Calaveras County is located about 150 miles east of San Francisco. For years, it was a pro-cannabis community, but last week things took a dramatic turn. The newly established Calaveras County board of supervisors voted last week 2-3 to ban cannabis in the county.
Calaveras County Cannabis Banned Even Though it Could Save the Local Economy
The Calaveras County cannabis ban comes just weeks after California legalized recreation marijuana. This rural community consisting of approximately 44,000 residents is reeling at the decision made by the newly appointed board of supervisors.
There are currently around 200 cannabis farmers who have legal permits to grow marijuana. Calaveras County originally embraced legal cannabis, and since 2016 has brought in more than $7 million in taxes.
A 2017 economic impact assessment found that cannabis was likely the largest industry in Calaveras County in 2016. The report mentioned the “large economic impacts for a small rural community such as Calaveras”, highlighting that cannabis cultivation impacts 21 percent of the county’s total employment.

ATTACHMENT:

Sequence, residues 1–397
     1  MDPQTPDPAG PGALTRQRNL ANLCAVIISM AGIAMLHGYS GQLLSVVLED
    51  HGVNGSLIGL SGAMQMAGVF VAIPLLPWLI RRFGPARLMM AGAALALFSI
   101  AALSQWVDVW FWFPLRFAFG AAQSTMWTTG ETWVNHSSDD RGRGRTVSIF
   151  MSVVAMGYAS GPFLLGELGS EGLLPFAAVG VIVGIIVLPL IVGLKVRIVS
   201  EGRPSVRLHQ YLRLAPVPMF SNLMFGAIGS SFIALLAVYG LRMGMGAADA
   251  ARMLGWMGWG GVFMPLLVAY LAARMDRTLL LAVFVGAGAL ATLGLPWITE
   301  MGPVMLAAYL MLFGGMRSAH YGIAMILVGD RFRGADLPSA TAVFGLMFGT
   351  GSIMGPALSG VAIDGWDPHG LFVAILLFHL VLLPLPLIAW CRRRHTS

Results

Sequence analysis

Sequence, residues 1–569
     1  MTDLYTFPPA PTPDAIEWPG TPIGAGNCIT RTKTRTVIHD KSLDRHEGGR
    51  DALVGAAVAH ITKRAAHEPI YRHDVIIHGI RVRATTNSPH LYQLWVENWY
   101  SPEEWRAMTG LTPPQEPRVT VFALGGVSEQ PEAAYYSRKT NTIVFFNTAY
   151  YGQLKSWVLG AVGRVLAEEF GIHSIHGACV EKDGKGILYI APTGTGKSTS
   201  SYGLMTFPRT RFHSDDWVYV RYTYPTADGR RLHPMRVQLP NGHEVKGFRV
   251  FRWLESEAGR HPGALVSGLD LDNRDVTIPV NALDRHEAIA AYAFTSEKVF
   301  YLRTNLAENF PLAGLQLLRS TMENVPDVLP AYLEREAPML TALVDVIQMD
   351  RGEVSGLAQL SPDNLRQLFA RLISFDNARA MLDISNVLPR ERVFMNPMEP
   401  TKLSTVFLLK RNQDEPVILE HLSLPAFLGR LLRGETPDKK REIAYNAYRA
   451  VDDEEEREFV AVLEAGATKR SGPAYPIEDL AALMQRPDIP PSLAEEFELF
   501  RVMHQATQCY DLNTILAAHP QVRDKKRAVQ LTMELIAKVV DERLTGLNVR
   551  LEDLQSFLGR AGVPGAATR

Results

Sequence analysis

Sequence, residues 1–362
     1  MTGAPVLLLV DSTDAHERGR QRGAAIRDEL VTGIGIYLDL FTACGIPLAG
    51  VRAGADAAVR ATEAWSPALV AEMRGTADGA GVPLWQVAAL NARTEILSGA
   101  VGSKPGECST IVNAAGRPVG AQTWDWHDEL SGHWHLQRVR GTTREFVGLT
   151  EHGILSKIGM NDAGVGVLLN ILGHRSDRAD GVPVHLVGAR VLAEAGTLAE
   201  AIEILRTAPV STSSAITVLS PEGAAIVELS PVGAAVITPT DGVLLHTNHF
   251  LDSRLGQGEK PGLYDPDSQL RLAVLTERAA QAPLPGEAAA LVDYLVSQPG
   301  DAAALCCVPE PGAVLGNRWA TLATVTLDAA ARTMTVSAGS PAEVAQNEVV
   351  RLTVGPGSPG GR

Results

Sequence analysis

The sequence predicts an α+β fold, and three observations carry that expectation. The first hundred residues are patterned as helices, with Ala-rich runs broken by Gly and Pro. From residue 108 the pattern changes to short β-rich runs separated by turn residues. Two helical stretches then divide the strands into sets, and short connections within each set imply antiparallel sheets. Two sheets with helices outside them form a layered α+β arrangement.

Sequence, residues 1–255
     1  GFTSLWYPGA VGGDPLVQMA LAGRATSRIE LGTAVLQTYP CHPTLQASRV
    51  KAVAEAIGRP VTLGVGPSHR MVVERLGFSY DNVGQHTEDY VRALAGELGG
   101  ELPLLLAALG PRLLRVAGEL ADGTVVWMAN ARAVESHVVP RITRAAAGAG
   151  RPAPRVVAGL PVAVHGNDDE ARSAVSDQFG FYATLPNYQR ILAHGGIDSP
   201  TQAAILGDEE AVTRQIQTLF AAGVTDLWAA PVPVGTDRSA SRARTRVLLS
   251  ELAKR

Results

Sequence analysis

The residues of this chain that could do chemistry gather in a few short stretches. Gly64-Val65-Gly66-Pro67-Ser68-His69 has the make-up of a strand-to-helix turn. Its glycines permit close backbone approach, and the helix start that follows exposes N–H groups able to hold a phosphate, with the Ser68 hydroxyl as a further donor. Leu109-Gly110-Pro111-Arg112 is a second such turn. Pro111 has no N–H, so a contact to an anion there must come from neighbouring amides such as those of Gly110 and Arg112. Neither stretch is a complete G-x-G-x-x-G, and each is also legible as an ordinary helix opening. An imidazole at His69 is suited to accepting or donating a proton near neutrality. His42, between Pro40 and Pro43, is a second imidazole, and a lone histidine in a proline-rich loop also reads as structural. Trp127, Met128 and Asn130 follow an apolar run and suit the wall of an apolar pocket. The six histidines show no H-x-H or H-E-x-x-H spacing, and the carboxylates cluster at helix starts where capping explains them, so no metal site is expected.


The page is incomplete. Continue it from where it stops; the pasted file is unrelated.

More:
Cannabis Cultivators in Calaveras County Understandably Outraged
Growers with legal permits to grow cannabis say they plan to sue. They may also try to reverse the ban.
Calaveras County is giving those who have already attained permits around three months to dismantle operations and cease their grows.
The four new members on the Calaveras County board of supervisors are all known to be anti-pot. They previously ran on anti-marijuana platforms, and are now banning cannabis in a county that was hoping legalized herb would help with a struggling economy.
It’s believed that the ban was set in place due to the reaction of some locals with a dramatic and unexpected flood of cannabis growers in the area. While some 200 cannabis farms have permits to grow, its estimated there are over 1,000 illegal grows scattered throughout the area.
Those who have legally attained permits to attain cannabis aren’t backing down. Not only does the decision by a newly-appointed board of supervisors significantly disrupt the lives of countless people, but also threatens to destroy an economy that was starting to pick up.
Trevor Witke, president of the Calaveras Cannabis Alliance farmers’ group says, “We have known this day could come and we have prepared for this eventuality for the last year. We are going to move forward with everyone who has been impacted by this decision.”